parasitized animals with blocked pockets would have higher evaporative
water loss than those with unblocked pockets because on animals with
blocked pockets, ectoparasites would resort to using other locations on the
body with a consequential increase in evaporative water loss. There are solid








biophysical reasons to predict this. Pockets, by creating a small enclosed space
around the chiggers, should reduce evaporative water loss by creating a
microenvironment that has a higher relative humidity than the surrounding
environment. Some plants have a similar structure as well. Oleander
(Nerium sp.), has stomatal crypts in which the stomata are sunk deeply into a
thick "multiple epidermis" (Salisbury and Ross 1992).
Though the histopathology of mites on reptile integument has been
well documented (Arnold 1986; Bauer et al. 1990; Goldberg and Bursey 1991a;
Goldberg and Holshuh 1992, 1993), its implications for water balance, as well
as other physiological and ecological aspects of the host, have not been
examined. This paper will describe the histopathological effects of chiggers
(Eutrombicula alfreddugesi ) on the integument of the Florida scrub lizard
(Sceloporus woodi ) and link that pathology to increases in evaporative water
loss. These results will then be extended to test if the prominent nuchal
pockets on this species can reduce integumental water loss in parasitized
animals.

Methods

Scanning Electron Microsopy

Scrub lizards were collected in Ocala National Forest (Marion County,
Florida) in 1995-6. Three animals were euthanized with a 9:1 solution of
water to sodium pentobarbitol (Nembutal@ Sodium). Fresh tissue from the
mite pockets was fixed in Bouin's alcoholic fluid for one week, followed by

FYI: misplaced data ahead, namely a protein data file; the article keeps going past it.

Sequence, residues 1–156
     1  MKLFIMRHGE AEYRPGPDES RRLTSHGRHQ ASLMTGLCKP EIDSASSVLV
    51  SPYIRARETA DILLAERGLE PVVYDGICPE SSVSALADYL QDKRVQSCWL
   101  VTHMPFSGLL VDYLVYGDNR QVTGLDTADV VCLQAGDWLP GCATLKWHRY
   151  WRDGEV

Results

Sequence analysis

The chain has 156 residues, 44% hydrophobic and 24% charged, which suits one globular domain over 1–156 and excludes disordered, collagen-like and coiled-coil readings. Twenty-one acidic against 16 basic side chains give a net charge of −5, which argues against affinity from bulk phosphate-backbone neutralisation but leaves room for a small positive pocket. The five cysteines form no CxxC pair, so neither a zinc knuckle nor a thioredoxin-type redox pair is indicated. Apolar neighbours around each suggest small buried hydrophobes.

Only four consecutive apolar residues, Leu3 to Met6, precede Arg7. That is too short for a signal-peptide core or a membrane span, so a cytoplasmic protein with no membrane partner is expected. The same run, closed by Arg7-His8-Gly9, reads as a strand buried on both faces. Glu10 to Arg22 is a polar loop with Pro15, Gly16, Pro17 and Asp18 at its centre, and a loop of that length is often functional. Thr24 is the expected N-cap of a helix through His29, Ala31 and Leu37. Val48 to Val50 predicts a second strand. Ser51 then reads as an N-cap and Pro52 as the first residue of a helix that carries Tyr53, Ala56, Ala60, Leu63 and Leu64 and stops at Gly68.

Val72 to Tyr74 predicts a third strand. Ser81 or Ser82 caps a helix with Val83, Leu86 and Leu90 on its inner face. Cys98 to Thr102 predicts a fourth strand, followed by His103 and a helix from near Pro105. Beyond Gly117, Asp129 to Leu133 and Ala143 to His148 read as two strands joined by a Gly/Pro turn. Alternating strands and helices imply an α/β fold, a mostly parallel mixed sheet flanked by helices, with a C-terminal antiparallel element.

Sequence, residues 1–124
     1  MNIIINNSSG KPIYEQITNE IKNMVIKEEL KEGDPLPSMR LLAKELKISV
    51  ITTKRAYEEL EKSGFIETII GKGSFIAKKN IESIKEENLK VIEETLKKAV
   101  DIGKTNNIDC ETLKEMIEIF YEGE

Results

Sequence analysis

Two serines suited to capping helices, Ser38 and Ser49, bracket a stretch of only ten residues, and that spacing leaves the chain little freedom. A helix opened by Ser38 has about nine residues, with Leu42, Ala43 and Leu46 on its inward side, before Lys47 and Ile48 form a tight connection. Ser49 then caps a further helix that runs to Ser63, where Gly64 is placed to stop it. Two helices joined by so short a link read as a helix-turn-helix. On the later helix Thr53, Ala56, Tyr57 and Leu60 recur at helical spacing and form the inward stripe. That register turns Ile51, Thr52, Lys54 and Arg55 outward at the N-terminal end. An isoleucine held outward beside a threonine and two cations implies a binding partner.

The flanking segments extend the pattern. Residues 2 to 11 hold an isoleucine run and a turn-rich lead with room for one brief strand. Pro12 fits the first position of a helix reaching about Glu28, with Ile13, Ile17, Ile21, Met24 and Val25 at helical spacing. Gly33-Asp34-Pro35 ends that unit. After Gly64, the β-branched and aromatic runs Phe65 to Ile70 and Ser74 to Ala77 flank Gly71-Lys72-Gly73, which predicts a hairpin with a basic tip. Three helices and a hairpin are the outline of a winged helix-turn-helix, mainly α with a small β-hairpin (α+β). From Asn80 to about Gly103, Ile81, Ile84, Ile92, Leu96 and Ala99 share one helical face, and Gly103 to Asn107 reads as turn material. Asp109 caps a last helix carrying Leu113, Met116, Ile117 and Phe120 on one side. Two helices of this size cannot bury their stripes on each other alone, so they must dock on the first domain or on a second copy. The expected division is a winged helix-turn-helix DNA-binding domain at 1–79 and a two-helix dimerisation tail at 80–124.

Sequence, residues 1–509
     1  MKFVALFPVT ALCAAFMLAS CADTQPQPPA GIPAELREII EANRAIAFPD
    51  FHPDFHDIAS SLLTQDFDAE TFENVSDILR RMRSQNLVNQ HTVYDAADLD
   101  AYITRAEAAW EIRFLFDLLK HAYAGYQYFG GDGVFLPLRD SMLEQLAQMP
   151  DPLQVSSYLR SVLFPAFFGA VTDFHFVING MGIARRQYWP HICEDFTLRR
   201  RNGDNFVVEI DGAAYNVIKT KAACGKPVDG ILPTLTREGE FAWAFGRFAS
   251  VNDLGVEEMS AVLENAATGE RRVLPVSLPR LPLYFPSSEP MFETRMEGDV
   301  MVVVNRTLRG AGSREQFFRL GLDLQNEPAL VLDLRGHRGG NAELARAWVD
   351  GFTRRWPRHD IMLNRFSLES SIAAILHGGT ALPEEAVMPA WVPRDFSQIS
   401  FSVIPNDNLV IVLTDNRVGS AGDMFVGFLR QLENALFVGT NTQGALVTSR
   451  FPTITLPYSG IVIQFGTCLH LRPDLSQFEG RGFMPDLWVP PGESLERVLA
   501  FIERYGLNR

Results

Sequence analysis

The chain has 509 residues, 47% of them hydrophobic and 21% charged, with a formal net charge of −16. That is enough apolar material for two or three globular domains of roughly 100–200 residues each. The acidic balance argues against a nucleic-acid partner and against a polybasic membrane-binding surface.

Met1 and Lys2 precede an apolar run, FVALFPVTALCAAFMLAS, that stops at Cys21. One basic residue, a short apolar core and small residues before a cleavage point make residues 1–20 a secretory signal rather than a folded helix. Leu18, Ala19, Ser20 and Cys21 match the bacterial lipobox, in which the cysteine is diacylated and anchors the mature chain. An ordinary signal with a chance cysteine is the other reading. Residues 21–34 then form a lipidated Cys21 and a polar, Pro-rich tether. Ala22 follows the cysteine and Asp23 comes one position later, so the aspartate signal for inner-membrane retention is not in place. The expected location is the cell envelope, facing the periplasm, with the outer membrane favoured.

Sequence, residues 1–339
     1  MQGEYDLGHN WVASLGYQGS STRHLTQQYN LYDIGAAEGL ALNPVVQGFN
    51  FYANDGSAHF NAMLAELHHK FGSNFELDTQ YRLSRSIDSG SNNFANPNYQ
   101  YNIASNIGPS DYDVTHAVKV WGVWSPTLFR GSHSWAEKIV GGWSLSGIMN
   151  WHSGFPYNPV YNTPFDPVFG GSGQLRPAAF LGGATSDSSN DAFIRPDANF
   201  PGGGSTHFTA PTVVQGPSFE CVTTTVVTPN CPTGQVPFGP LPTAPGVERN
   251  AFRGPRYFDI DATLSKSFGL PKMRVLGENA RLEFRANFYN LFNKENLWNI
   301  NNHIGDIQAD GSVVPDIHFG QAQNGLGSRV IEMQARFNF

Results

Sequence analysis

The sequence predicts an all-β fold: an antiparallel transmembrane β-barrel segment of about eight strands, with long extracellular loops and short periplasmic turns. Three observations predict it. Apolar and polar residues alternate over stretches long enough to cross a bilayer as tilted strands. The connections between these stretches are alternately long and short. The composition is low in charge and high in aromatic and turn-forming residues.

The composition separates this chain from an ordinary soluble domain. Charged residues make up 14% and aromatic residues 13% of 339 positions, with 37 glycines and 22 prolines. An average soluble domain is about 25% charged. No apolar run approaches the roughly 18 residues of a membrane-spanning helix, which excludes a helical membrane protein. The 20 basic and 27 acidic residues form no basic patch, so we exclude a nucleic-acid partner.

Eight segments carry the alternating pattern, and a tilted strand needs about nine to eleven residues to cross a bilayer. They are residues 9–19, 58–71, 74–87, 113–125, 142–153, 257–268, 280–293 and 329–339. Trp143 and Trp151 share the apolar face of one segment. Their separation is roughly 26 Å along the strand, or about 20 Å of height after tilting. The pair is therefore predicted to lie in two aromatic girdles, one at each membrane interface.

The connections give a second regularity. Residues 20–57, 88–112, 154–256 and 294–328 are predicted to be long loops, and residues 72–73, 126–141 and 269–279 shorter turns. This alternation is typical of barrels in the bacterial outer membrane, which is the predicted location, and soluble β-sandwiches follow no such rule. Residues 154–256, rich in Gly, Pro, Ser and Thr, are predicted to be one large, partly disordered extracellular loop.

dehydration in an alcohol series and hexamethyldisilazane. A gold sputter
coat was applied to the tissue which was then viewed with a Hitachi scanning
electron microscope at 50X. Photographs were taken with Polaroid type 52
film which was then scanned at 300 dpi (see Figure 2.1).








Histology

Scrub lizards were collected in Ocala National Forest (Marion County,

Florida) in 1995-6. Three animals were euthanized with a 9:1 solution of
water to sodium pentobarbitol (Nembutal@ Sodium). Fresh tissue from the
mite pockets and behind the knees was fixed in Bouin's alcoholic fluid for
one week. Tissue was embedded in paraffin following dehydration in an

alcohol series and exposure to Hemo-D@ (Fisher Scientific) for 2 h. Tissue was
then sectioned at 7 p.m and stained with a modified Masson's trichrome stain

(Presnell and Schreibman 1997). Histopathology was examined using light
and differential interference contrast (DIC) microscopy. Photographs were
made at 200x magnification with slide film. Images were digitized with a slide

scanner.


Evaporative Water Loss

Lizards were captured by noose in Ocala National Forest, Marion
County, Florida. The number of chiggers on the lizards were counted under a
dissecting microscope or with the aid of a hand lens. Lizards were placed in a

60 cc syringe that was fitted with a nylon exit valve. Air was pumped through